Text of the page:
There were 667 pounds of prescription and over-the-counter drugs collected in Franklin County that were taken to be destroyed following the most recent drug take back event.

The drug disposal drive, held to prevent pill abuse and theft was held Saturday, April 27, at eight locations in Franklin County.

Residents were given the opportunity to rid their homes of potentially dangerous expired, unused, and unwanted prescription drugs at Franklin County police departments in Gerald, New Haven, Pacific, St. Clair, Sullivan, Union, and Washington. Boles Fire District Station 4 in St. Albans also participated.

The total includes drugs dropped off at those location over the past six months.

The was the sixth take back event in the county in three years. It was sponsored by the Franklin County Narcotics Enforcement Unit, Foundations for Franklin County, and the Drug Enforcement Administration (DEA).

The drugs were taken into St. Louis and then transported by the DEA to a location to be destroyed.

This initiative addresses a vital public safety and public health issue. Medicines that languish in home cabinets are highly susceptible to diversion, misuse, and abuse.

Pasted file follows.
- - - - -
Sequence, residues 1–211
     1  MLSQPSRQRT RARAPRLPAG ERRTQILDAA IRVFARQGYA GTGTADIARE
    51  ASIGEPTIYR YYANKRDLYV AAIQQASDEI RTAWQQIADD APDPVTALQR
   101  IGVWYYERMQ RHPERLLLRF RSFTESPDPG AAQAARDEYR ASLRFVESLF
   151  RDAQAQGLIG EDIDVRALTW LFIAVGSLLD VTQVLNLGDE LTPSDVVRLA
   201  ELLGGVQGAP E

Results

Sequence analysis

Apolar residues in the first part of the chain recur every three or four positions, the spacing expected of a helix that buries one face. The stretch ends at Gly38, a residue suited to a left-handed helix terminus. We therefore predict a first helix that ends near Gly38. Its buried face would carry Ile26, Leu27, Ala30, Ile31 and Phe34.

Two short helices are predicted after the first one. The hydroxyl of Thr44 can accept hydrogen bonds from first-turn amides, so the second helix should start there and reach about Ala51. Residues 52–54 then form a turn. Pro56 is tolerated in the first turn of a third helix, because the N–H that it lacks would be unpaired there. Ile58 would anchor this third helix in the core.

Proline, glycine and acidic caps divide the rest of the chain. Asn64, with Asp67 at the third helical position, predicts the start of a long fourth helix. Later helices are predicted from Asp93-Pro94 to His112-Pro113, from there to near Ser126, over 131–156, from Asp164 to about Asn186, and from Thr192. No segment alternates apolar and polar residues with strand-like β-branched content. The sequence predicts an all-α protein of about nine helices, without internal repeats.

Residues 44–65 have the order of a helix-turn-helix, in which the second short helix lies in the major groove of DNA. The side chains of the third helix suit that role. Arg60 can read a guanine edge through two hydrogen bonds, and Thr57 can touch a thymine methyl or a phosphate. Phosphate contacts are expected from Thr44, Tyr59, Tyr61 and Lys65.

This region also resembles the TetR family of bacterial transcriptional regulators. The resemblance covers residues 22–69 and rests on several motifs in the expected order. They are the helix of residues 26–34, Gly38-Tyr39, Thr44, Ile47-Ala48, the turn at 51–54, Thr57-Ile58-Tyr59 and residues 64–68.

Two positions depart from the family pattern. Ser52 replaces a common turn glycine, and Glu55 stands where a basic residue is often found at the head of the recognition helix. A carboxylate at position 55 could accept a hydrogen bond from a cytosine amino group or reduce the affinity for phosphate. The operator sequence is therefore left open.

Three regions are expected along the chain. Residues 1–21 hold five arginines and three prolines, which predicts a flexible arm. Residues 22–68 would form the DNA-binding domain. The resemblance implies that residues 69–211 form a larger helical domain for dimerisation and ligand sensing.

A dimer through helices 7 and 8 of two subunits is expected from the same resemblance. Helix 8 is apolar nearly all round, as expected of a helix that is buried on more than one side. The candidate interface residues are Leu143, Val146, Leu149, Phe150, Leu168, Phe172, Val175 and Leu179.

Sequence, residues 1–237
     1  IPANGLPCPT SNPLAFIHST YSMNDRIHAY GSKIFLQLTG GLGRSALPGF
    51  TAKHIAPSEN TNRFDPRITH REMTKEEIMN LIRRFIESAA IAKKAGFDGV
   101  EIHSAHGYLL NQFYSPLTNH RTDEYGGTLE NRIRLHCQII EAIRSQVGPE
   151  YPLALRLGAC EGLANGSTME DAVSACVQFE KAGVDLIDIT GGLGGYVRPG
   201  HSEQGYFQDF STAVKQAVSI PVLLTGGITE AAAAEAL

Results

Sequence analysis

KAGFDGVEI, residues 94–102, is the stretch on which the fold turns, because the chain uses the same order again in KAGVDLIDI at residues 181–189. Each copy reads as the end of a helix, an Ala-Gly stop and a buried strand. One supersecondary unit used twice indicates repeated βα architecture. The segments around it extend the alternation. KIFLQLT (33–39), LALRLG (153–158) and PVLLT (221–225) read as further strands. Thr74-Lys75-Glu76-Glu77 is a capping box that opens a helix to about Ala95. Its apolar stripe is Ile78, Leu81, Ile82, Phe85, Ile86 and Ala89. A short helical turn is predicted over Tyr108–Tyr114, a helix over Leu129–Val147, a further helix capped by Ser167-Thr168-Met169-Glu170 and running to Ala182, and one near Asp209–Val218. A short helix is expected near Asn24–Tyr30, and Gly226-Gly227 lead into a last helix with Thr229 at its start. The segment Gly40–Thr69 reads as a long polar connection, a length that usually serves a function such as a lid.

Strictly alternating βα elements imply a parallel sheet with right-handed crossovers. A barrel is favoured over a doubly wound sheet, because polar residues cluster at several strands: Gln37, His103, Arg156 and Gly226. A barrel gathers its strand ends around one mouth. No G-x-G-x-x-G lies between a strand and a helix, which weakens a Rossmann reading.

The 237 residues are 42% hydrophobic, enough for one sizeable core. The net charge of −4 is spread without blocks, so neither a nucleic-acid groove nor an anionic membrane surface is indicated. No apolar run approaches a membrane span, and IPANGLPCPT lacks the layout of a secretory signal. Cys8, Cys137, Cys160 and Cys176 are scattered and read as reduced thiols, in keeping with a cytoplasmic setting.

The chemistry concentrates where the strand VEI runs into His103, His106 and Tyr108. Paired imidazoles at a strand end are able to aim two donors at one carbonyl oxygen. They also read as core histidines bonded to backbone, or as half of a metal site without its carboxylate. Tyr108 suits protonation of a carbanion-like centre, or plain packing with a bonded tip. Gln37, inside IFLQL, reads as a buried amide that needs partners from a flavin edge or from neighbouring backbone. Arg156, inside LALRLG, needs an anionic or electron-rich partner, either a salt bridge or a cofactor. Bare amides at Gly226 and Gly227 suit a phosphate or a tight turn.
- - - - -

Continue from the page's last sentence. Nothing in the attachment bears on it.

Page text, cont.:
Rates of prescription drug abuse in the United States are alarmingly high, as are the number of accidental poisonings and overdoses due to these drugs. Studies show that a majority of abused prescription drugs are obtained from family and friends, including from the home medicine cabinet.

In addition, Americans are now advised that their usual methods for disposing of unused medicines — flushing them down the toilet or throwing them in the trash — both pose potential safety and health hazards.

Four days after the first event, Congress passed the Secure and Responsible Drug Disposal Act of 2010, which amends the Controlled Substances Act to allow an “ultimate user” of controlled substance medications to dispose of them by delivering them to entities authorized by the attorney general to accept them.

The act also allows the attorney general to authorize long-term care facilities to dispose of their residents’ controlled substances in certain instances. DEA is drafting regulations to implement the act. Until new regulations are in place, local law enforcement agencies in Franklin County and the DEA will continue to hold prescription drug take-back events every few months.